Installing Puppet Enterprise on CentOS 7 in AWS EC2 with custom public HostName

Hey,

I ran into a few issues when I wanted to install Puppet Enterprise 2-17 in AWS as an EC2 instance. The main issues were

Summary

  • Need to use hostnamectl and cloud.cfg to change my hostname, as I wanted puppet on a public address, not private address, just for a POC
  • I was using a t2.nano and t2.micro, which will not work with Puppet Enterprise 2017 (puppet-enterprise-2017.2.2-el-7-x86_64). The error you get is just Failed to run PE Installer…… So I used a t2.medium to get around the issue.
  • The usual /etc/hosts file needs some settings and DNS registration (Route53 for me)
  • Disabled SELinux (We usually use a VPN)
  • Configure security groups and have 4433 as backup port (Probably not needed)

Preliminary Install Tasks

  1. Get the latest image from CentOS 7 (x86_64) – with Updates HVM
  2. Spin up an instance with at least 4GB memory, I had a lot of installation issues with applying the catalog with low memory. T2.Medium should work. Bigger is better!
    [puppet.rangerrom.com] Failed to run PE installer on puppet.rangerrom.com.
  3. If you not using a VPN then ensure you setup an elastic IP mapped to the instance for the public DNS name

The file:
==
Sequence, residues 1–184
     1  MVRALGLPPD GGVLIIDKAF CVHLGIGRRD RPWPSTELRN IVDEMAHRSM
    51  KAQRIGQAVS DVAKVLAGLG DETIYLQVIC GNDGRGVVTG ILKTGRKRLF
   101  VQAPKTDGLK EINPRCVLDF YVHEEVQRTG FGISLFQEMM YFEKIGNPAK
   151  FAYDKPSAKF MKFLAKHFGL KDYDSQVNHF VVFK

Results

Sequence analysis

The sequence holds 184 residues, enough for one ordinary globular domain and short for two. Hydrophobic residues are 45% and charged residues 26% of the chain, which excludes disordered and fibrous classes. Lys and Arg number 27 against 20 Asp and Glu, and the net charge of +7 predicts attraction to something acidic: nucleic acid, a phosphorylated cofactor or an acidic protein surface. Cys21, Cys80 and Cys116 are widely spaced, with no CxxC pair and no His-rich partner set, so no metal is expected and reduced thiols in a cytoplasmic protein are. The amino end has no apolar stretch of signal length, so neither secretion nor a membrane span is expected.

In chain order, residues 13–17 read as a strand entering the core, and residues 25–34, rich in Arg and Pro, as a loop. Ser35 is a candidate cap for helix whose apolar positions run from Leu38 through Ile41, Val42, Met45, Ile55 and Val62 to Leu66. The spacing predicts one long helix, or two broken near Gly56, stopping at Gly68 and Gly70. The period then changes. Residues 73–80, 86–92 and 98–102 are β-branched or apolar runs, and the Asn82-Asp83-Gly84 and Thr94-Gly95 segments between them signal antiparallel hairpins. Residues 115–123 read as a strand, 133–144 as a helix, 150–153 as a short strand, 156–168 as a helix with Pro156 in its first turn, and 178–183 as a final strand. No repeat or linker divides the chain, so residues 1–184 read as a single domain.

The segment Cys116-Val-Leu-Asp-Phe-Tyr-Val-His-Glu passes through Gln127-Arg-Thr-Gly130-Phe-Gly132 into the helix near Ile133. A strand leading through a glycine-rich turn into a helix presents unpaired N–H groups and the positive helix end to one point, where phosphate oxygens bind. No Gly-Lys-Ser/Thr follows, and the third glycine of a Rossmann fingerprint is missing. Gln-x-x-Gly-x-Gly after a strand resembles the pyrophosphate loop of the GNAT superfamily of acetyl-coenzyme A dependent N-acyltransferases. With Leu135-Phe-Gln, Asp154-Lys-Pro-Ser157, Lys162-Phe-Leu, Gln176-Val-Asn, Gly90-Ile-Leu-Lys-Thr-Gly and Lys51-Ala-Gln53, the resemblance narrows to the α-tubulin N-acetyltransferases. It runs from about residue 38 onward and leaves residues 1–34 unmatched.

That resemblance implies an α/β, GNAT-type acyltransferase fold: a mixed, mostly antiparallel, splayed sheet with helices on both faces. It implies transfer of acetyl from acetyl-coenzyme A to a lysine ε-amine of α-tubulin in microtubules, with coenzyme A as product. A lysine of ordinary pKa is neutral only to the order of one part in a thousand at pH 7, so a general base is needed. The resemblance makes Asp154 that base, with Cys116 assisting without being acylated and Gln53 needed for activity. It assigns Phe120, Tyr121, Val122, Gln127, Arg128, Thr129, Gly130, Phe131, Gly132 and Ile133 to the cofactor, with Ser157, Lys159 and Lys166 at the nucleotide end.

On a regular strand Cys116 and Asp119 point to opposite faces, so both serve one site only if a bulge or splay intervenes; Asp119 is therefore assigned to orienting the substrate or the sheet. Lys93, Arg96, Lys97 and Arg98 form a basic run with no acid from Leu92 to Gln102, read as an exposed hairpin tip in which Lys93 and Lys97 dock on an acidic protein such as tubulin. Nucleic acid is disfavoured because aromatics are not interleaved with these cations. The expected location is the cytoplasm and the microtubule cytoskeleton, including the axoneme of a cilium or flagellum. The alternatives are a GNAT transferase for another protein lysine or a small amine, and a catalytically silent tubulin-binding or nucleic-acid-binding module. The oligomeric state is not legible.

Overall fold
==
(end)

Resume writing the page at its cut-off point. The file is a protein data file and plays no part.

ElasticIP.PNG
  4. Register the hostname and elastic IP in DNS
    DNS.PNG
  5. Add you hostnames to /etc/hosts (Important!), note I also added puppet as this is the default for installs. This is a crucial step, so make sure you add your hostnames that you want to use. Put the public hostname first. As this is our primary hostname127.0.0.1  puppet.rangerrom.com puppet localhost
  6. Change the hostname of your EC2 Instance. We need to do the following

    #hostnamectl
    #sudo hostnamectl set-hostname puppet.rangerrom.com –static
    #sudo vi /etc/cloud/cloud.cfg

  7. Add the following to the end of cloud.cfg
    preserve_hostname: true
  8. This is the error I got when I first installed puppet (Due to low memory), therefore we will add port 4433 as well to the AWS security in the next step. I think this was due to insufficient memory, so use a T2.Medium instance size, so you have a minimum of 4GB of memory, else java kills itself. However I add it as a backup here in case you run some other service on 443.

    #sudo vi /var/log/puppetlabs/installer/2017-08-08T02.09.32+0000.install.log

    Failed to apply catalog: Connection refused – connect(2) for “puppet.rangerrom.com” port 4433

  9. Create a security group with the following ports open and also do the same for the Centos Firewall.
    PuppeSecurityGroups
  10. Run  netstat -anp | grep tcp to ensure no port conflicts.
  11. Disable SELinux or have it configured to work in a Puppet Master environment. Edit

    #sudo vi /etc/sysconfig/selinux

    set
    SELINUX=disabled

  12. Edit the sudo vi /etc/ssh/sshd_config and enable Root Logins
    PermitRootLogin yes
  13. Download Puppet Enterprise

    #curl -O https://s3.amazonaws.com/pe-builds/released/2017.2.2/puppet-enterprise-2017.2.2-el-7-x86_64.tar.gz
    #tar -xvf puppet-enterprise-2017.2.2-el-7-x86_64.tar.gz

  14. Install NC and use it to test if your ports are accessible.
    sudo yum install nc